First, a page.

Children with disabilities stand up against abuse
Peter, 15, was born deaf but has dedicated his young life to communicating to audiences across his native Kenya about protecting children from sexual abuse. With support from Handicap International, he recently spoke at the Kenyan Children’s Assembly, a national government body for children.
“Using a sign language interpreter, I spoke to other children about their rights,” says Peter. “It was amazing.”
Peter is a member of the child advisory committee for Ubuntu Care, a Handicap International project in Kenya, Rwanda, and Burundi dedicated to ending sexual violence against children, especially children with disabilities.
“Children with disabilities are three to four times more likely to be victims of sexual violence,” says Lucy Muchiri, child protection officer for Handicap International’s Ubuntu Care project in Kenya. “And 90% of children with intellectual impairments have suffered some form of sexual violence.”
Some 100,000 children play an active role in preparing and developing the Ubuntu Care project. “In Kenya, for example, we run children’s clubs in 13 schools,” says Lucy. “They are aged between 10 and 15, and they perform plays about sexual violence, disability, and children’s rights. They moderate debates and teach people about the risk of violence and how to protect themselves.”
Peter has become an expert in children’s rights. “Being deaf and a children’s rights advocate sends out a strong message, for Peter and for all children with disabilities,” says Lisa. “People still have reservations about disability here, but when they meet Peter, they say: ‘Even people with disabilities are worth their weight in gold!’”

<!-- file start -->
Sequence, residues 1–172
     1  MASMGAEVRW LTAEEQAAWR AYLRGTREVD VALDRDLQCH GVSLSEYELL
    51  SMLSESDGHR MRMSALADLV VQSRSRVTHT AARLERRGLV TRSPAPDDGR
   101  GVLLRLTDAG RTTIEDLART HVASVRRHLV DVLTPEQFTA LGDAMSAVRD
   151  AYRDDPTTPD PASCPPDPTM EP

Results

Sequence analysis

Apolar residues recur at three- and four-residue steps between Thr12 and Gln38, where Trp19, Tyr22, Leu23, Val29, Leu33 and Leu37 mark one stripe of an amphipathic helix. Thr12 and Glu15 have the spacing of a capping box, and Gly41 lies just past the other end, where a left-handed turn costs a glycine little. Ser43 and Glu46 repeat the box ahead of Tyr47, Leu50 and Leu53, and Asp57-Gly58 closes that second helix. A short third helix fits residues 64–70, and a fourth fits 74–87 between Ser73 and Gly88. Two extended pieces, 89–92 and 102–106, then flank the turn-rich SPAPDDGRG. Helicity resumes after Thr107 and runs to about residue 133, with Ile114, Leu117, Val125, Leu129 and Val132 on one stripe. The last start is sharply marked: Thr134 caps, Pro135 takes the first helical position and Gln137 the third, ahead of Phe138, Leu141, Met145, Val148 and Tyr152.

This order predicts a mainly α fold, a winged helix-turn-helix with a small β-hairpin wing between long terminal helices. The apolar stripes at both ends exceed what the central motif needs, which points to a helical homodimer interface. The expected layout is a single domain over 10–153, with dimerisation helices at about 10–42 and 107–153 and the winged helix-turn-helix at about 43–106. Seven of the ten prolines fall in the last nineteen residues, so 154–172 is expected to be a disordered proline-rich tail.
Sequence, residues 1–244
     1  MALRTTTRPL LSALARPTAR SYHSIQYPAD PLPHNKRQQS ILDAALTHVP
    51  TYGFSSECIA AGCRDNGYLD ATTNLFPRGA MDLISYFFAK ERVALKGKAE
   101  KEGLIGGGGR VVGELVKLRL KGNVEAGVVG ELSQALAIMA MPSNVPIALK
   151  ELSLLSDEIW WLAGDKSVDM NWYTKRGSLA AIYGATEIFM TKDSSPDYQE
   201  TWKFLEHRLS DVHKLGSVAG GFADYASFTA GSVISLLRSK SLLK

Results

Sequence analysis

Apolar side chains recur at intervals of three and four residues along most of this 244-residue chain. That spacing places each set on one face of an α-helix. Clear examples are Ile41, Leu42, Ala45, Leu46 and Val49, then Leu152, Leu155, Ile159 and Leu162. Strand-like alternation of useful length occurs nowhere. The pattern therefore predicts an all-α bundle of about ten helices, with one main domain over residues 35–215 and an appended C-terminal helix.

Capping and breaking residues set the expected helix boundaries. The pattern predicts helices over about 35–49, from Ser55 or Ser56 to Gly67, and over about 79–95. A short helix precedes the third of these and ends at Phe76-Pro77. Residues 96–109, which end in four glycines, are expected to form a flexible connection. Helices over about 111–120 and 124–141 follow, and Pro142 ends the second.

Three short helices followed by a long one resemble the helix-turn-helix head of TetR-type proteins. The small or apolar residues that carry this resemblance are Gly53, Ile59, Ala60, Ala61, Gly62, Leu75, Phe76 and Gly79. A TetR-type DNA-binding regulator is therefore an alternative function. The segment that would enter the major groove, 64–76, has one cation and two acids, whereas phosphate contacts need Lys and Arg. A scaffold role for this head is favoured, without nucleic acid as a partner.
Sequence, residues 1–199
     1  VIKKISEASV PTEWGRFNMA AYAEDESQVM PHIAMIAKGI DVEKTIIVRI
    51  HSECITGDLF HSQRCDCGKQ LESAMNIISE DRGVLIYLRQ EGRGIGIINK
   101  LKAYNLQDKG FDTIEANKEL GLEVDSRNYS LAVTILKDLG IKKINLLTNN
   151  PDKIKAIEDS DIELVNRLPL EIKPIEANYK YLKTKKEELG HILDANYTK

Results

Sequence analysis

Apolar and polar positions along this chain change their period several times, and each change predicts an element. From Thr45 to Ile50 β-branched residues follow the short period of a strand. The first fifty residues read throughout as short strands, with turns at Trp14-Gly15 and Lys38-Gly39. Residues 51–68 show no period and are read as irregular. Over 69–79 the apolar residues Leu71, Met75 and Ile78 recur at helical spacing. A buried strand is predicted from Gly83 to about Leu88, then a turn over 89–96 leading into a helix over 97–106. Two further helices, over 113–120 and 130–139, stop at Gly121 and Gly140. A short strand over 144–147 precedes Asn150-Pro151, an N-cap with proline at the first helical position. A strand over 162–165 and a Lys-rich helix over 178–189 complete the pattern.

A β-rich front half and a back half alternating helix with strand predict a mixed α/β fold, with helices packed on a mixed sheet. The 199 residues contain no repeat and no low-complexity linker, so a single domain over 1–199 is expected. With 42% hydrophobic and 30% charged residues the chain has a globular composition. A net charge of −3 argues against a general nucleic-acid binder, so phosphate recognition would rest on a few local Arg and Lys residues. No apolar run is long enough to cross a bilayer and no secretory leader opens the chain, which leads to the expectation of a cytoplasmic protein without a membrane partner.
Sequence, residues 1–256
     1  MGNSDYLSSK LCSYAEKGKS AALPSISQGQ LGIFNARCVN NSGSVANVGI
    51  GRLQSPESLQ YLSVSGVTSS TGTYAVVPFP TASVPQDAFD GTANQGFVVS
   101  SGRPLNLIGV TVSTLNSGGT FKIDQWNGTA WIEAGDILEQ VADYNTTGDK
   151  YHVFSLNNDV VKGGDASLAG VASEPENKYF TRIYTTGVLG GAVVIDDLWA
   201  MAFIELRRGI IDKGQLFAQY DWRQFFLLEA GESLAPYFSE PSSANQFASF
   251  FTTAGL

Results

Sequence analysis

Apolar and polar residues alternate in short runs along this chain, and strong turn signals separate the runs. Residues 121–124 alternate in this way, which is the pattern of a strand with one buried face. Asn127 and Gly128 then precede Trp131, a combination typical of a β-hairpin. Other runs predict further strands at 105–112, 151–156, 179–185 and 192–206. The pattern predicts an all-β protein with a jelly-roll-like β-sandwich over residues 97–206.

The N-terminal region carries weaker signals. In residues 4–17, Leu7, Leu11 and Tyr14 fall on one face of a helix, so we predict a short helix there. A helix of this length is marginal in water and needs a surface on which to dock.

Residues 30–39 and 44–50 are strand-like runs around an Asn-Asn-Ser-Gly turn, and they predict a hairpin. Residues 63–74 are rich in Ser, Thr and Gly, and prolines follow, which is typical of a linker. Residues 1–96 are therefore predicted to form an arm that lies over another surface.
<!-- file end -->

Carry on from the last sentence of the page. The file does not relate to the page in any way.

Handicap International and its partners also raise awareness of children’s rights among parents, communities, teachers, and disabled people’s organizations. Staff and partners assist victims and refer them to support services.
Their efforts are paying off. Robert, a teacher who participated in a Handicap International sexual violence training, helped one of his students seek justice after he learned that the boy had been raped. “Thanks to Handicap International’s support, I knew exactly what to do,” says Robert. “I told his parents and made a statement to the police. The rapist was arrested and sentenced to 20 years in prison. Handicap International ensured the student had a lawyer. This is the fifth case uncovered in two years in my school, which is too low considering the number of children who fall victim to sexual violence in the region. Handicap International needs to continue its efforts so that we can help other children in the same situation.”